In the spring of 2012 myself and a group of North Face athletes spent two months in the Khumbu Valley climbing Mt. Everest. It had been a dream of mine to ski this peak but conditions were such that it wasn't possible. Instead, my climbing partner, Kris Erickson and I decided to link up Mt. Everest with it's nearby neighbor, Lhotse in a 24 hour push. Waiting for the right weather window this season was a long and arduous process. Finally, towards the end of May, we saw the weather window coming.
Climber Hilaree O’Neill ascending to Camp 2
We had about a week at base camp to prepare for our final push. On the first night of that week, as I was walking back to my tent in the dark over the loose rocks of the glacial moraine, I severely sprained my left ankle, tearing two ligaments and thinking I'd just crushed my chances for climbing Everest and Lhotse. For the next five days, I followed a crazy rigorous routine of icing and wrapping and rehabing my ankle but, due to the swelling, I knew my circulation would be compromised and I was afraid I would have a much greater risk of frostbite. That was when another member of our team, Sam Elias, stepped in. He had two sets of Hotronics with him, one for his ski boots and one for his climbing boots. Since we were definitely not skiing, he fitted his extra pair to my 8000 meter boots. Without a doubt, this saved my entire climb.
My ankle healed enough in the five days at base camp to make an attempt at the climb. Our Everest summit day was way colder that what we had expected based on our weather forecast- with the wind chill, the summit was a blistering 50 below zero. I kept the Hotronics battery inside the gaitor of my boot and kept it at a low enough level that my toes were cold but not freezing. It took us 12 hours to make the round trip to the summit and back to Camp 4 and I rarely had to tinker with the heaters except to turn them down on descent. The following night was the true test, however. I was worried the batteries wouldn't last for our second push to Lhotse. While our second climb took a lot less time (ie no crowds) and was a lot warmer than the previous day on Everest, I still used the Hotronics the entire time, for a total of another 6 hrs. I was floored that one set of batteries could last so long at high altitude in some of the coldest temperatures I've ever climbed.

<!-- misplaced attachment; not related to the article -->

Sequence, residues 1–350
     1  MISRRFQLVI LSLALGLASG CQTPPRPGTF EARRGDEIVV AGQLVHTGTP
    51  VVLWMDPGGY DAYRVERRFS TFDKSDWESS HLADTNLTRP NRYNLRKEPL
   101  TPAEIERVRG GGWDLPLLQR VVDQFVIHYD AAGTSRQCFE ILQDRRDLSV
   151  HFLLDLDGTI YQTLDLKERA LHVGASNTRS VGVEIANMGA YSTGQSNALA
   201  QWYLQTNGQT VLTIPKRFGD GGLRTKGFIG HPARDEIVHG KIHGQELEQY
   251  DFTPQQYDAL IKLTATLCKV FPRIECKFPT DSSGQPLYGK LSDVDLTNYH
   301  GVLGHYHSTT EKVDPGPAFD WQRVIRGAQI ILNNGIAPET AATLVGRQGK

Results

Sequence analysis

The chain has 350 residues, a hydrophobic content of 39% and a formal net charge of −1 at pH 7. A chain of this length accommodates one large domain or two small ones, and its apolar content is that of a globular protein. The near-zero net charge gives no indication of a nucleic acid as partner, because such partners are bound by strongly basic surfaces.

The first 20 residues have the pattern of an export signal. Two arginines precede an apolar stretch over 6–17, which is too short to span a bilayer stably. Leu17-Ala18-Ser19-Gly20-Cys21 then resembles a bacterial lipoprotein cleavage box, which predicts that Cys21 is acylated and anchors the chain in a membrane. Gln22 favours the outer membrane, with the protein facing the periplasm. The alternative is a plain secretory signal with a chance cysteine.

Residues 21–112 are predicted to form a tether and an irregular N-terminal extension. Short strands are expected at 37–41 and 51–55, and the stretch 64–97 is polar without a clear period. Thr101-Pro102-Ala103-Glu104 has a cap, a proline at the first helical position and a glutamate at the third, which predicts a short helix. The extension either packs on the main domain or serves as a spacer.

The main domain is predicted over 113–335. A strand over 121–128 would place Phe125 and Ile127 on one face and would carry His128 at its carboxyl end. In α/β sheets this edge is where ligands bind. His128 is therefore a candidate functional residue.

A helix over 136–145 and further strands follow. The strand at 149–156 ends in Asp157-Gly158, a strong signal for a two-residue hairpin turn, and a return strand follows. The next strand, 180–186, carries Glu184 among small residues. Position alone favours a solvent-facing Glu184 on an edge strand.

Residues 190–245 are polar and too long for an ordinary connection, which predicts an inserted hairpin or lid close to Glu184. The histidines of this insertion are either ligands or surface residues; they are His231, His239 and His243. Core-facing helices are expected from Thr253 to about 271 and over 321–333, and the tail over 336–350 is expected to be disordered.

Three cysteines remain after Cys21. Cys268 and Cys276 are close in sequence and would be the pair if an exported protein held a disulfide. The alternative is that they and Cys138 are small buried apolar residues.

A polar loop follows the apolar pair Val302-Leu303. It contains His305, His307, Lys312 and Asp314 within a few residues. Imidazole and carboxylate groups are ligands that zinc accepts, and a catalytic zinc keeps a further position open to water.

Climber Emily Harrington (in front) and Hilaree O’Neill almost to Camp 1
I went from being a skeptic to a total believer. I am certain that without the Hotronics I would not have been able to make the climb on Everest or Lhotse because of frozen feet. Alas, thanks to Hotronics for making such an amazing product and helping me realize a dream.
Climber Hilaree O’Neill in the Khumbu Icefall at sunrise